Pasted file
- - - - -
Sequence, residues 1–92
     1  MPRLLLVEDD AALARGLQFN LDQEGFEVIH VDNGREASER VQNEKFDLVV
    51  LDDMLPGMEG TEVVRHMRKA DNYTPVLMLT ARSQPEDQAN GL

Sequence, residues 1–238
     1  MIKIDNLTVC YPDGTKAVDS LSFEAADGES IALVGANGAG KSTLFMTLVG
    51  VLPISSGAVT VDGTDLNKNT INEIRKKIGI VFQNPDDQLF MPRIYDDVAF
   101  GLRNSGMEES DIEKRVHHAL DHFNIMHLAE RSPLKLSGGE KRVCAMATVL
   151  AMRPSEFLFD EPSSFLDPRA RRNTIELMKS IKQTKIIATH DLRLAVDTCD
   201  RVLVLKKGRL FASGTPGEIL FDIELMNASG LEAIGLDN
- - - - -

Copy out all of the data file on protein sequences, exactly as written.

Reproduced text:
Sequence, residues 1–92
     1  MPRLLLVEDD AALARGLQFN LDQEGFEVIH VDNGREASER VQNEKFDLVV
    51  LDDMLPGMEG TEVVRHMRKA DNYTPVLMLT ARSQPEDQAN GL

Sequence, residues 1–238
     1  MIKIDNLTVC YPDGTKAVDS LSFEAADGES IALVGANGAG KSTLFMTLVG
    51  VLPISSGAVT VDGTDLNKNT INEIRKKIGI VFQNPDDQLF MPRIYDDVAF
   101  GLRNSGMEES DIEKRVHHAL DHFNIMHLAE RSPLKLSGGE KRVCAMATVL
   151  AMRPSEFLFD EPSSFLDPRA RRNTIELMKS IKQTKIIATH DLRLAVDTCD
   201  RVLVLKKGRL FASGTPGEIL FDIELMNASG LEAIGLDN